This grass had only been collected a few times in New York before the last collection in September of 1936 from Valley Stream on Long Island. Then in 1996, exactly 60 years later to the month, it was rediscovered in Eastern Long Island during a natural community inventory by New York Natural Heritage botanists Greg Edinger and David Hunt. Their discovery is still the only known occurrence in the state.
There is one existing population which was discovered in 1996. There are two historical populations known from the 1800s and early 1900s which have been surveyed but no plants were found. Three additional populations from western Long Island are considered extirpated.
The only existing population has been surveyed only once so short-term trends are unknown.
This plant was always very rare in New York but none of the old records have been rediscovered and only two small clumps presently survive.
The incursion of Phragmites into this plant's wetland habitat is a threat as well as the direct disturbance of the wetlands through ditching.
The population needs to be protected from direct disturbance and from the invasion of Phragmites.
Research is needed on how to augment and protect the existing population.
The only extant population of Chasmanthium laxum in New York was found in an intact Red Maple-Black Gum swamp, though historically the species has also been reported from bogs (New York Natural Heritage Program 2010). Moist sandy soils of the coastal plain (Rhoads and Block 2000). Woods, meadows and swamps (Fernald 1970).
This grass is currently known from Suffolk County on eastern Long Island and considered extirpated from western Long Island and Staten Island.
This grass ranges from Long Island to New Jersey and eastern Pennsylvania south through the eastern states to Florida and west through Virginia, Kentucky, Missouri, and Arkansas to Eastern Texas.
Dune Sandspur is a perennial grass species with unbranched stems 40 to 130 cm tall. The leaves extend halfway up the stem, and are glabrous with blades 15-35 cm long and 3-8 mm wide. The spikelets disarticulate below the glumes, and are strongly laterally compressed (keeled), 5 to 8 mm long and 2 to 6 mm wide, each with 3 to 5 flowers, the bottom 1 or 2 sterile (FNA 2003, Gleason and Cronquist 1991).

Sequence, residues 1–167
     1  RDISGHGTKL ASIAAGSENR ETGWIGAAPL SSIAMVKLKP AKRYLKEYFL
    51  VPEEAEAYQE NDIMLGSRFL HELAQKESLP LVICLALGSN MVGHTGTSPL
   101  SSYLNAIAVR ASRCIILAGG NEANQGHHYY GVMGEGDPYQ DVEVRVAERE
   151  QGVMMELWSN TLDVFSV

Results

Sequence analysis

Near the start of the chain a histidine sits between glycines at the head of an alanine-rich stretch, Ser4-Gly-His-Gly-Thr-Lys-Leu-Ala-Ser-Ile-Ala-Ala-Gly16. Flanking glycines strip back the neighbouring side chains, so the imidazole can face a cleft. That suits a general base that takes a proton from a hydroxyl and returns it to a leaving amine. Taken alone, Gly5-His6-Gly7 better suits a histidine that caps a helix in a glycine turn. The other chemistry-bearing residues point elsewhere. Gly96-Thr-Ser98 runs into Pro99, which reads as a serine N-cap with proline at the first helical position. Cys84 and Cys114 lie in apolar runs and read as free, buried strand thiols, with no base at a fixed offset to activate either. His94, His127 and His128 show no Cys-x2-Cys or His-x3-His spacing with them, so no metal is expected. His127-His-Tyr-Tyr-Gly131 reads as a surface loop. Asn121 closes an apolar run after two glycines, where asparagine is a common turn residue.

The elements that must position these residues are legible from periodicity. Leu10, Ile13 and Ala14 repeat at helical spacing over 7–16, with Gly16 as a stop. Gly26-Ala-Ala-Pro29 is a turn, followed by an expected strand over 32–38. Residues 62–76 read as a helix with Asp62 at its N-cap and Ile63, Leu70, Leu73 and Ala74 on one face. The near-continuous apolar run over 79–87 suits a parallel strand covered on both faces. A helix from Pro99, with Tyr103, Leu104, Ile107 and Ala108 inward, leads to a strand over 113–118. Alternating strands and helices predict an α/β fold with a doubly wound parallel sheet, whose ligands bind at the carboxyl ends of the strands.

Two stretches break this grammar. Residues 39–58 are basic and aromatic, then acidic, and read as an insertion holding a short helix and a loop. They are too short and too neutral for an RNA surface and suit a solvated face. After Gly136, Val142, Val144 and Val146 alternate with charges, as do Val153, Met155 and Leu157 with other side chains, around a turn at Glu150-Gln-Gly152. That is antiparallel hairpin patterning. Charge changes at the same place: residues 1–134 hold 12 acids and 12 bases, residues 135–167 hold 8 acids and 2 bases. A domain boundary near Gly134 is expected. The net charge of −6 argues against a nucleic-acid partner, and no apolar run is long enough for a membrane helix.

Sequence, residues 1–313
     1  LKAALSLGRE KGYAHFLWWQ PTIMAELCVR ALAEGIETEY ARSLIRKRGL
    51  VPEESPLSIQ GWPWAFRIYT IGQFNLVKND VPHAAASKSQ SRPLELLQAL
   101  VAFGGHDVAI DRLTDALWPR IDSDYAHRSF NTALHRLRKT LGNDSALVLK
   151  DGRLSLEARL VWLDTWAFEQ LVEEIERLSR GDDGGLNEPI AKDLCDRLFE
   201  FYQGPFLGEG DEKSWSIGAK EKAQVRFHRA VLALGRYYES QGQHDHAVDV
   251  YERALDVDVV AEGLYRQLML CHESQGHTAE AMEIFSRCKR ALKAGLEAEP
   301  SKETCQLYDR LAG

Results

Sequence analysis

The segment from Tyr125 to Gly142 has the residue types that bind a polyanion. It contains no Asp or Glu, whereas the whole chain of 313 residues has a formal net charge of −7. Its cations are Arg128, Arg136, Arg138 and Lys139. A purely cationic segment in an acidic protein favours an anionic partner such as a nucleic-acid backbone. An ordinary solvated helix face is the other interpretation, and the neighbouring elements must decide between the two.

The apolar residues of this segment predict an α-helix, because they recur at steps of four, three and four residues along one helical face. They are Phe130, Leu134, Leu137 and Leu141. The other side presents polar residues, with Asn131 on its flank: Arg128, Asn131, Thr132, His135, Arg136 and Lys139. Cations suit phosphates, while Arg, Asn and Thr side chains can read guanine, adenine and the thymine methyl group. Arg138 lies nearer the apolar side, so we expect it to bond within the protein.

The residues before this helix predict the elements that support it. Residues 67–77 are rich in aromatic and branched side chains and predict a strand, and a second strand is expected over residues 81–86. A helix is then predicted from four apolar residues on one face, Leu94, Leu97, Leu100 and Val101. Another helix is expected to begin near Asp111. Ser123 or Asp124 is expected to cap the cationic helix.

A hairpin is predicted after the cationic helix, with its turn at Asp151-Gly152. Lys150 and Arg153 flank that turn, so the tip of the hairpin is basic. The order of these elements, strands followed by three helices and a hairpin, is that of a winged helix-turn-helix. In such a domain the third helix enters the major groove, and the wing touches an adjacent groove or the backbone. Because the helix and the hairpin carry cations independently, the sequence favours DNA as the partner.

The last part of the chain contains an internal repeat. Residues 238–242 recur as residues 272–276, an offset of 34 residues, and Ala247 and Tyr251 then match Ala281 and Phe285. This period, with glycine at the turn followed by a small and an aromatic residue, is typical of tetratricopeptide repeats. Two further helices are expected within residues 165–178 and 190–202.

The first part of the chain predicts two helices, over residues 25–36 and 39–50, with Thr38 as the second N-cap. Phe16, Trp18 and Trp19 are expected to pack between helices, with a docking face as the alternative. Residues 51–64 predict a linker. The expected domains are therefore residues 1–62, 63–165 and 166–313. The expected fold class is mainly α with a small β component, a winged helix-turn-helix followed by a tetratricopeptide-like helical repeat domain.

Specimens with mature fruit are needed for identification.
Slender Spikegrass is the only species of its genus native to New York, and its laterally compressed spikelets on unbranched stems are distinctive. Chasmanthium latifolium, with broader leaves and larger, drooping spikelets, is sometimes planted as an ornamental species.
Slender Spikegrass flowers from mid-June to mid-September, mature fruits persist to mid-October.
The time of year you would expect to find Slender Spike Grass flowering and fruiting in New York.
Slender Spike Grass
Chasmanthium laxum (L.) Yates
Flora of North America Editorial Committee. 2003. Flora of North America, North of Mexico. Volume 25. Magnoliophyta: Commelinidae (in part): Poaceae, part 2. Oxford University Press, New York. 783 pp.
Fernald, M.L. 1950. Gray's manual of botany. 8th edition. D. Van Nostrand, New York. 1632 pp.
Gleason, Henry A. and A. Cronquist. 1991. Manual of Vascular Plants of Northeastern United States and Adjacent Canada. The New York Botanical Garden, Bronx, New York. 910 pp.
Holmgren, Noel. 1998. The Illustrated Companion to Gleason and Cronquist's Manual. Illustrations of the Vascular Plants of Northeastern United States and Adjacent Canada. The New York Botanical Garden, Bronx, New York.
Mitchell, Richard S. and Gordon C. Tucker. 1997. Revised Checklist of New York State Plants. Contributions to a Flora of New York State. Checklist IV. Bulletin No. 490. New York State Museum. Albany, NY. 400 pp.
New York Natural Heritage Program. 2010. Biotics database. New York Natural Heritage Program. New York State Department of Environmental Conservation. Albany, NY.
New York Natural Heritage Program. 2020. New York Natural Heritage Program Databases. Albany, NY.
Reschke, Carol. 1990. Ecological communities of New York State. New York Natural Heritage Program, New York State Department of Environmental Conservation. Latham, NY. 96 pp. plus xi.
Weldy, T. and D. Werier. 2010. New York flora atlas. [S.M. Landry, K.N. Campbell, and L.D. Mabe (original application development), Florida Center for Community Design and Research http://www.fccdr.usf.edu/. University of South Florida http://www.usf.edu/]. New York Flora Association http://newyork.plantatlas.usf.edu/, Albany, New York
This guide was authored by: Stephen M. Young
Information for this guide was last updated on: September 20, 2012
Please cite this page as:
New York Natural Heritage Program. 2020. Online Conservation Guide for Chasmanthium laxum. Available from: https://guides.nynhp.org/slender-spike-grass/. Accessed January 18, 2020.